In re “Teve Compras 2001 SRL v. Sprayette S.A. on precautionary measures”, on May 15, 2012 Division 1 of the Federal Court of Appeals issued an interlocutory ruling suggesting a possible interpretation about the use of trademarks as “adwords”.
Teve Compras 2001 SRL (Teve Compras) had requested the court to order Sprayette S.A. (Sprayette) to stop use of the mark “TEVECOMPRAS” alleging that it was used to promote its web site and mislead clients. Teve Compras argued that when searching for TEVECOMPRAS in www.google.com.ar, Sprayette was the first result in the pay-per-click links.
Upon this request, the trial court issued a preliminary injunction ordering Sprayette to stop “using the name TEVECOMPRAS in any distinctive function”. This ruling was not appealed.
Later on, Teve Compras informed the court that the preliminary measure was being violated as by entering the trademark “TEVECOMPRAS” with any other additional character or word, Sprayette continued to be the result brought by the pay-per-click links.
The trial court rejected plaintiff’s request as, in the court’s opinion, “demanding the defendant to block of the pay-per-click links accessed through Google Inc.’s search engine implies modifying the scope of the measure issued by the court”.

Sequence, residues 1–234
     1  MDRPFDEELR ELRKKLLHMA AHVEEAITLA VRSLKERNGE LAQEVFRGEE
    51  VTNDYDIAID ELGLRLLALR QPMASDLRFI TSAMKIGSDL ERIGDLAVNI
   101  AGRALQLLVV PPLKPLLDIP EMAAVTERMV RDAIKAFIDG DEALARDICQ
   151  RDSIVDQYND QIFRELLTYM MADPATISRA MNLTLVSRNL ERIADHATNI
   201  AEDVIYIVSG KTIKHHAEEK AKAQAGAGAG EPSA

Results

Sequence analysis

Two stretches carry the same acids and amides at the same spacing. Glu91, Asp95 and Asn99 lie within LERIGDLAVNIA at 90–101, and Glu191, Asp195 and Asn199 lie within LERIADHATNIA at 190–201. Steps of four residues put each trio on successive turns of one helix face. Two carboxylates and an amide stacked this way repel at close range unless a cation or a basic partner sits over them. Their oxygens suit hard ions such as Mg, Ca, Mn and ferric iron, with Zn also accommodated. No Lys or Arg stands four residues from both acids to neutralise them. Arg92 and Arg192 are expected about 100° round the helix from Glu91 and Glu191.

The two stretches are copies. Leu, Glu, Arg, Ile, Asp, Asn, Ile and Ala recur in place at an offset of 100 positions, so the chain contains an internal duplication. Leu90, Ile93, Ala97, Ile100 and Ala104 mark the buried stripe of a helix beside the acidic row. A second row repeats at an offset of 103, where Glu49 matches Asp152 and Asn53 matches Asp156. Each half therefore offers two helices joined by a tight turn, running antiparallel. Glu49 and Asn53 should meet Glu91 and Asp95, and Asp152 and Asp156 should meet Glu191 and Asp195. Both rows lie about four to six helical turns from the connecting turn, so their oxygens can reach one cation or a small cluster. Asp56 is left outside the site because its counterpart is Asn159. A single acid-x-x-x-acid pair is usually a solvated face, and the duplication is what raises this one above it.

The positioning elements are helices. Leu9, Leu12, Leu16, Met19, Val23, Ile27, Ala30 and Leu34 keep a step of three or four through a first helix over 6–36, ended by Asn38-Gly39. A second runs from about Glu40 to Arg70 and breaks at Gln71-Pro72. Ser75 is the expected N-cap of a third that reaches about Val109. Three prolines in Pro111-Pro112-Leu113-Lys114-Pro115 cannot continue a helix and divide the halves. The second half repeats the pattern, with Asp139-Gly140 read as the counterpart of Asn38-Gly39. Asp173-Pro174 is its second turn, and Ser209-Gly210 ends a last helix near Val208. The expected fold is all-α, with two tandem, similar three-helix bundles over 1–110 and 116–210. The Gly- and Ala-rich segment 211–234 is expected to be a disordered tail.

Teve Compras filed an appeal and argued that the second infringement reported was identical to the first but that it was the court which had deviated from their initial preliminary injunction.
Despite the above, the Court of Appeals affirmed the trial court decision and made several statements of interest.
The court confirmed that the infringement reported was the same informed to the court when requesting the injunction. The court noted, however, that the extent of the injunction, which had not been questioned by Teve Compras, set the course of the decision, and when evaluating the infringement, the court concluded that “TEVECOMPRAS” had not been used in a distinctive manner.
The court also pointed out that there were no sufficient grounds to prove the requisites of likelihood of sufficient legal basis and imminent danger. Basically, the court concluded that:
- the evidence submitted by Teve Compras was not enough to prove the use of the mark TEVECOMPRAS in Sprayette’s pay-per-click links; and
- there was no evidence showing that clients would actually be misled into the adversary’s web page.